These charts show how Russia’s invasion of Ukraine changed global oil flows

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European Union leaders reached an agreement this week to ban the majority of imports of Russian crude oil and petroleum products, but nations were already shunning the country’s oil, altering global flows of the raw material that powers the world. world.

Russian oil exports had already been affected by some EU members acting preemptively in anticipation of potential measures, in addition to bans from countries like the United States, according to commodity data firm Kpler.

The amount of Russian crude that is “on the water” jumped to nearly 80 million barrels this month, the company noted, from less than 30 million barrels before the invasion of Ukraine.

“The increase in crude on water volume is due to more barrels heading further afield, particularly to India and China,” said Matt Smith, principal oil analyst for the Americas at Kpler. .

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“Before the invasion of Ukraine, a lot more Russian crude was moving to destinations near northwest Europe,” he added.

Russia’s invasion of Ukraine in late February rocked energy markets. Russia is the world’s largest exporter of oil and products, and Europe is particularly dependent on Russian fuel.

EU leaders had been debating a sixth round of sanctions for weeks, but a possible oil embargo has become a sticking point. Hungary is one of the countries that has not accepted a general ban. Prime Minister Viktor Orban, an ally of Russian President Vladimir Putin, said a ban on Russian energy would be an “atom bomb” for Hungary’s economy.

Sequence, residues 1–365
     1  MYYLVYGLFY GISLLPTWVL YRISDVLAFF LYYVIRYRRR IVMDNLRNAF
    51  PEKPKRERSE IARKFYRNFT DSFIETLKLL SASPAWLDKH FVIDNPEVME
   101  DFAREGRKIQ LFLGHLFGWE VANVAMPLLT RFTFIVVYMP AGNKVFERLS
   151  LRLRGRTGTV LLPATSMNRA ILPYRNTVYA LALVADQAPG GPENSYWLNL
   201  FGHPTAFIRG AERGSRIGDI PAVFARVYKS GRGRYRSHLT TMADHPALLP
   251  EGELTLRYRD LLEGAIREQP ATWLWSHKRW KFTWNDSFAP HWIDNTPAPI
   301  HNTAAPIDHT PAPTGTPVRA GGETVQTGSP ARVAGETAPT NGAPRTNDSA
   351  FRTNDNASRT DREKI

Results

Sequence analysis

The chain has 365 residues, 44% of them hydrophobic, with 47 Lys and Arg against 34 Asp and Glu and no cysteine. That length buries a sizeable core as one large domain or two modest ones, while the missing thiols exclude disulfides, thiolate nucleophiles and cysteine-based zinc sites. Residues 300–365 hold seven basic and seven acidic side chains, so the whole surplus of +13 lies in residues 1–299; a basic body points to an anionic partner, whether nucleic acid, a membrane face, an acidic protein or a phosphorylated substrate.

Monday’s deal between the bloc’s leaders targets Russian maritime crude, leaving room for countries including Hungary to continue importing supplies by pipeline.

In March, oil prices rose to their highest level since 2008 as buyers worried about energy availability given the already tight market conditions. Demand has rebounded following the pandemic, while growers have brought production under control, meaning prices were already rising before the invasion.

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“Russia’s invasion of Ukraine has triggered an upheaval in the way the global market has historically sourced barrels,” RBC said in a note to clients on Tuesday.

The International Energy Agency said in March that three million barrels a day of Russian oil production was at risk. These estimates have since been revised downwards, but data collected before the EU agreed to ban Russian oil shows that Russian fuel exports to NW Europe had already fallen off a cliff. .

Wolfe Research echoed this point, saying that while Russian oil production has declined since the start of the war, exports have remained “surprisingly resilient.”

The company said Russia had rerouted exports to countries like India, which shows up in maritime traffic through the Suez Canal. Analysts led by Sam Margolin noted that traffic on the key waterway rose 47% in May compared to the same period last year.

“Rerouting Black Sea tankers to Suez as opposed to Europe is a longer and therefore inflationary route for oil prices, and these ‘last resort’ business models may portend bigger supply problems. going forward as the market is clearly at its last options to clean up,” the firm said.

– TAUT’s Gabriel Cortes contributed reporting.

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